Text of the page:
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The Quito Call to Action on Children at Risk analyses how church has usually failed in recognising children’s needs and their role in church. The Lausanne Movement network propels ways to include children in the mission.
The Lausanne Children at Risk Network, along with Anne-Christine Bataillard, Senior Associate for Evangelism among Children, have published the “Quito Call to Action on Children at Risk” document.
The document is the result of the Lausanne Consultation on Children at Risk, which took place from 17-19 November, 2014 in Quito, Ecuador.
More than 60 participants came from every continent, including theologians, church leaders, missiologists, academics, and representatives from child-focused non-governmental organizations.
The event was held in response to the Cape Town Commitment (CTC), which emphasizes ministry with the poor, enslaved, and oppressed. It also calls the people of God to engage in study, training, and action on behalf of children-at-risk.
All participant´s goal was “to better understand what it would look like for children-at-risk to be meaningfully incorporated in the mission of the Church.”
WHO ARE THE CHILDREN AT RISK?
According to the Quito Call to Action document, children at risk are “persons under 18 who experience an intense and/or chronic risk factor, or a combination of risk factors in personal, environmental and/or relational domains that prevent them from pursuing and fulfilling their God-given potential.”
The Lausanne statement specially emphasised “situations where children experience significant unmet needs, and where outside engagement is most urgent.” This includes “all aspects of human experience: spiritual, physical, social, emotional, mental, linguistic, environmental, etc.”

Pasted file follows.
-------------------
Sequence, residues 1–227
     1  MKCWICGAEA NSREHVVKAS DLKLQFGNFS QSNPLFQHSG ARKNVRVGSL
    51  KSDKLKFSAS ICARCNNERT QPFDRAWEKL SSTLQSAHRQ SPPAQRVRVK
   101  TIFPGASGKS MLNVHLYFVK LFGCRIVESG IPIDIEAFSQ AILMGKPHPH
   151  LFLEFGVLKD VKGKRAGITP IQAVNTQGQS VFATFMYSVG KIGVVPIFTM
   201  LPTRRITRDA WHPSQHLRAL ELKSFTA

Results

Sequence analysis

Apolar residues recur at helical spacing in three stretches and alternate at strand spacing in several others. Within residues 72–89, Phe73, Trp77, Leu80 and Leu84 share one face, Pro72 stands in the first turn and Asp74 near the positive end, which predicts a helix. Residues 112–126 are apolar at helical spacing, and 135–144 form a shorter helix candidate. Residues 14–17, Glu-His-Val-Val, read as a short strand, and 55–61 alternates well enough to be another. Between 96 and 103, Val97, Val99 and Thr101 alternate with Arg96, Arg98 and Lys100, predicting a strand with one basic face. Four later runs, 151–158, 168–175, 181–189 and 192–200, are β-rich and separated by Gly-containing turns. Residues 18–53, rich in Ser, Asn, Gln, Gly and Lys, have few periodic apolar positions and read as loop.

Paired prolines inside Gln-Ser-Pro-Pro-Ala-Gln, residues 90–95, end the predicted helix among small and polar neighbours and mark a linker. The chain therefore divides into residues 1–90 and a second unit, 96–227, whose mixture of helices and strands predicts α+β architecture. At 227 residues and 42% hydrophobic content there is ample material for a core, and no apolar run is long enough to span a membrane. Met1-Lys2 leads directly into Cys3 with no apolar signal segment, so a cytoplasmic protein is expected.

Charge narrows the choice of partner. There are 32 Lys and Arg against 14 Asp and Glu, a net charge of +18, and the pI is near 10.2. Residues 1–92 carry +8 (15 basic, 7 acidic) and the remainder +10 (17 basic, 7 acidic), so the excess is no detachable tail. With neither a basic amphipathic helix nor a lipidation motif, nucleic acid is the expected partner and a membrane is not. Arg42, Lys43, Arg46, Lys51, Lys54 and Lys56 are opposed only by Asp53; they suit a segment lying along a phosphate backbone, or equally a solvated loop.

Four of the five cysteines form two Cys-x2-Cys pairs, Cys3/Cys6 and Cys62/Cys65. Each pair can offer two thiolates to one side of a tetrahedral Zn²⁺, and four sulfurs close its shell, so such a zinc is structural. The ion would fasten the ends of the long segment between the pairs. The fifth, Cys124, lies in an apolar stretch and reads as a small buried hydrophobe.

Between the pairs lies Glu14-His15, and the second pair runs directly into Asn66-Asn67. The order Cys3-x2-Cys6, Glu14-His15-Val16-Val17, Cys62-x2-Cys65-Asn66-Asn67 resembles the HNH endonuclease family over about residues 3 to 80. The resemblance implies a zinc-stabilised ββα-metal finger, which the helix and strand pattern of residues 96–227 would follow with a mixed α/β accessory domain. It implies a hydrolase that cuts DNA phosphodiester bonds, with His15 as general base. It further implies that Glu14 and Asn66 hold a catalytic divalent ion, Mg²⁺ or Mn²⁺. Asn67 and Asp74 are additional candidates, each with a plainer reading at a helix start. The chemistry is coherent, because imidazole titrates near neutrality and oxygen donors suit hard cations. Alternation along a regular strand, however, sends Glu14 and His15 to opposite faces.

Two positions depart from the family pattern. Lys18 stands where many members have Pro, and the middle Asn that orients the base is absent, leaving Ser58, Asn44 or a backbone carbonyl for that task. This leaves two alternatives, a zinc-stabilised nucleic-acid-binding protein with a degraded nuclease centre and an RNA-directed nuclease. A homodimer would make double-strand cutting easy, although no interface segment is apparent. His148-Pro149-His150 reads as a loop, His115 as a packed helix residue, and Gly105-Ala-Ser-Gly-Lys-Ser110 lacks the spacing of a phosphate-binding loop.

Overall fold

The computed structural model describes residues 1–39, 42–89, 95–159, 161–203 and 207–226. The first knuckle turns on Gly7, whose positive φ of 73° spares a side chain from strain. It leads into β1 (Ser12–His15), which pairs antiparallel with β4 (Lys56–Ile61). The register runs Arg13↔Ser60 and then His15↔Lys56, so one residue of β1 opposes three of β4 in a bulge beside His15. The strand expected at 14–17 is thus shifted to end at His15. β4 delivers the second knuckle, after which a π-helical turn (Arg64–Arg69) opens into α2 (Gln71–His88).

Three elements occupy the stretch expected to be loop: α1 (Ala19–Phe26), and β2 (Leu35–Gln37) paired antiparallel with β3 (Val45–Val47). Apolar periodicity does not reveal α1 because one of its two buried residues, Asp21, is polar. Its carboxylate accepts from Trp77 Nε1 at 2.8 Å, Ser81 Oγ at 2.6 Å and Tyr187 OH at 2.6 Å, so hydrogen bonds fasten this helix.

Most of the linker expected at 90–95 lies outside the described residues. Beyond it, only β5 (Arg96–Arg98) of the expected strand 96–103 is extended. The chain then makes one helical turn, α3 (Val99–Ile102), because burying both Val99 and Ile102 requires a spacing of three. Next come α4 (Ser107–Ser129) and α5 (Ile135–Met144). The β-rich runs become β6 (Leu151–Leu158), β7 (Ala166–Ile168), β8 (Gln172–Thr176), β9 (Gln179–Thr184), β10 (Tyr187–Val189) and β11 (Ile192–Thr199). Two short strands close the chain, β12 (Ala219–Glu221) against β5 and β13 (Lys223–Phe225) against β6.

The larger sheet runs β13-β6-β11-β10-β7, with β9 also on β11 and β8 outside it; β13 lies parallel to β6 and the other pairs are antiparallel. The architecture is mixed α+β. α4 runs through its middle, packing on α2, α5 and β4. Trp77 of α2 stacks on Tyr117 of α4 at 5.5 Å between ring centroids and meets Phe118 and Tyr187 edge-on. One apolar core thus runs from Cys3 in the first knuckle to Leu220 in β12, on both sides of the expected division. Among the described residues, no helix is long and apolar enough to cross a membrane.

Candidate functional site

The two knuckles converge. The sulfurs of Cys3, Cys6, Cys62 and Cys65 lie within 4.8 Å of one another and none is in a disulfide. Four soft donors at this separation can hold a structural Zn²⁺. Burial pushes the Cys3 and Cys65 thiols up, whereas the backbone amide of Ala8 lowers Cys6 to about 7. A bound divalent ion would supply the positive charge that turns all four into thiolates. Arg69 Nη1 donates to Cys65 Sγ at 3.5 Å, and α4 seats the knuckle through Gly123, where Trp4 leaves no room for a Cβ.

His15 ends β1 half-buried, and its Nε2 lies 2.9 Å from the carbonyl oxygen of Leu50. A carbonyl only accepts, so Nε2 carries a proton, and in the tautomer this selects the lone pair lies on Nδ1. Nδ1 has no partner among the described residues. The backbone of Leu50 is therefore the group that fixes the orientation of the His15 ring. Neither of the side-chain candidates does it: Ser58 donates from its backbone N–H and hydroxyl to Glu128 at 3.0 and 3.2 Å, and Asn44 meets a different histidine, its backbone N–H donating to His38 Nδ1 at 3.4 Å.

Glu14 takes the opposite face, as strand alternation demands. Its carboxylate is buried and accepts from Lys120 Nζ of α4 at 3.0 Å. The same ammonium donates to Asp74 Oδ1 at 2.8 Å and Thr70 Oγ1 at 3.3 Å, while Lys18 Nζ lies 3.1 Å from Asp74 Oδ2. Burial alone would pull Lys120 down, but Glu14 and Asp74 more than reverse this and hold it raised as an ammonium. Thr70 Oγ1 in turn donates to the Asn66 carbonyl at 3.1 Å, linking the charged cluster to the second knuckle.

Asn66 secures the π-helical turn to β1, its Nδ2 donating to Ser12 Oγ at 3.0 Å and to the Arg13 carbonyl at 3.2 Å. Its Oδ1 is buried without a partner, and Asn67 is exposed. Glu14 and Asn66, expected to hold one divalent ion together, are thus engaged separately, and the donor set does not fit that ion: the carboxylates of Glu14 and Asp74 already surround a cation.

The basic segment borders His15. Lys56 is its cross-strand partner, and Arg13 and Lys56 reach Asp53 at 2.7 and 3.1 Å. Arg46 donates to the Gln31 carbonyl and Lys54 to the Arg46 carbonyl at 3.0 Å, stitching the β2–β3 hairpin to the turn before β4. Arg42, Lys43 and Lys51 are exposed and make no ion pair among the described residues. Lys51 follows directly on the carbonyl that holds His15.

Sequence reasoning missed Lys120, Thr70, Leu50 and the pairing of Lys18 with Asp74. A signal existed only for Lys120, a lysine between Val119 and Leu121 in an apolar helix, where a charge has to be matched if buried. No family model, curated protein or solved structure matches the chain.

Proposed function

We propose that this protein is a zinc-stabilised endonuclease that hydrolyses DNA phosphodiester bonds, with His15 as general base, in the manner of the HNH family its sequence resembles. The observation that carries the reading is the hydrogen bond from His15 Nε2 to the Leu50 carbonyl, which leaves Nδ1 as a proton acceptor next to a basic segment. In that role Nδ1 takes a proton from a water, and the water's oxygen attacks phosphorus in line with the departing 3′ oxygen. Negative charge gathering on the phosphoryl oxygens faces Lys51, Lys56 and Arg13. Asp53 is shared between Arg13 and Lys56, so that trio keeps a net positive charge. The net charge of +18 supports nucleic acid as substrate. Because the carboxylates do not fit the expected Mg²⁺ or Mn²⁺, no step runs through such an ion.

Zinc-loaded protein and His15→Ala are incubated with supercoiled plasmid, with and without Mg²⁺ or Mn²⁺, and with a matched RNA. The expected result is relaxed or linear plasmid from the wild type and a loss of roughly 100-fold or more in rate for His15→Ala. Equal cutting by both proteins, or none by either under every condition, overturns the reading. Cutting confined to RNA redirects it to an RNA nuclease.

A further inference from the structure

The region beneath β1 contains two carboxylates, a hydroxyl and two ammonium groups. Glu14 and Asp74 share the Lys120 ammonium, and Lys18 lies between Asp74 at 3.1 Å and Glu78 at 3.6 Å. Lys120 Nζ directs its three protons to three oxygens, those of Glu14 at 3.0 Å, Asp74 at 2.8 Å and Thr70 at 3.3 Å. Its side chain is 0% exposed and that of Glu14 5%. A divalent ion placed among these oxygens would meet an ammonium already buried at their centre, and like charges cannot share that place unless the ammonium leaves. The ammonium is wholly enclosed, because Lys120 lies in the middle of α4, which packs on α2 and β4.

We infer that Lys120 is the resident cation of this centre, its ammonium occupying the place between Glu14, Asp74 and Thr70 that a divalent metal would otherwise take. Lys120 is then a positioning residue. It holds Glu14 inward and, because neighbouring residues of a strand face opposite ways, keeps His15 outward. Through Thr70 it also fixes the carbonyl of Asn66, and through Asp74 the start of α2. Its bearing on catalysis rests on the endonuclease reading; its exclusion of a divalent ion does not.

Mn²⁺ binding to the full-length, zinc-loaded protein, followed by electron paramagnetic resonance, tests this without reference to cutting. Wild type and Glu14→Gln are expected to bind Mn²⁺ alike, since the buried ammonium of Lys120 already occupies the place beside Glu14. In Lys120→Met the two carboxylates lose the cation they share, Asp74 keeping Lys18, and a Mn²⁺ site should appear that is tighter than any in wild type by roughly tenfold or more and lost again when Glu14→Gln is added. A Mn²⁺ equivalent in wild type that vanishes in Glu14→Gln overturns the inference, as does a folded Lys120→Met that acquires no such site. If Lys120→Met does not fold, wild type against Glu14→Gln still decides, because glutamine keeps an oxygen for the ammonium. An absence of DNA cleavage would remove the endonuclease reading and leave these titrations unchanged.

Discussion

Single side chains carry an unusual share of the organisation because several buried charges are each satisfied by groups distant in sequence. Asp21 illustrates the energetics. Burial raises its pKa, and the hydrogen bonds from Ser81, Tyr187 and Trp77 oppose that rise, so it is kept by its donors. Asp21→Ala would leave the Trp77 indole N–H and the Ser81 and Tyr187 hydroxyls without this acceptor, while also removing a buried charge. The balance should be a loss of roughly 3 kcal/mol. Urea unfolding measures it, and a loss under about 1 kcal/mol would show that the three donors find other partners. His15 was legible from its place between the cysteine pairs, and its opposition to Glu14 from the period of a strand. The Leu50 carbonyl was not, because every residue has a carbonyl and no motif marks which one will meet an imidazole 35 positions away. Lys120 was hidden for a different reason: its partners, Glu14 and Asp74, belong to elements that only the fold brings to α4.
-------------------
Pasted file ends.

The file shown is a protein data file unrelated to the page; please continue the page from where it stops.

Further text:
They also believed that there is “an emerging change in adult understandings of the active and vital roles that children play in mission.”
FAILING TO RECOGNISE CHILDREN´S NEEDS AND CAPACITIES
The Quito Call to Action recognises that Christians “often failed to fully understand and practice mission to, for, and with children”, not always fulfilling their responsibilities, and even “undervaluing children as co-labourers with adults in God’s mission.”
The document also denounces “the suffering and exploitation of children-at-risk around the world”, and admits the ways and times that Christians have failed to act for children.
“Failing to meet children’s most obvious needs when we see them only as souls to be saved”, or “entertaining children-at-risk with a gospel message that does not address the suffering they face”, are some of the examples given by experts in Quito.
All of this brings them to “give thanks for how the Bible presents children, and especially for the life, actions, and words of Jesus Christ. It is because of his example that we affirm a high view of children as whole human beings created with dignity.”
A MISSION TO, FOR, AND WITH CHILDREN
The Call to Action stresses the importance of the involvement of families, churches, denominations, mission organizations, non-governmental organizations, schools, and individuals in a mission:
QUITO CALL TO ACTION´S GOALS
The document hopes to be “inspiration and encouragement to implement actions together with the global church.”
“Our ministry practices must be biblically-informed. We call ourselves to action to address children’s life-threatening injustices and abuses, empowering them as vulnerable agents of God”, the statement concludes.
The Lausanne Children at Risk Network´s next step will be “to write a Lausanne Occasional Paper (LOP) on Children at Risk.”
They also “plan to use the Call to Action as a major reference document for workshop discussions at the 2016 Younger Leaders Gathering”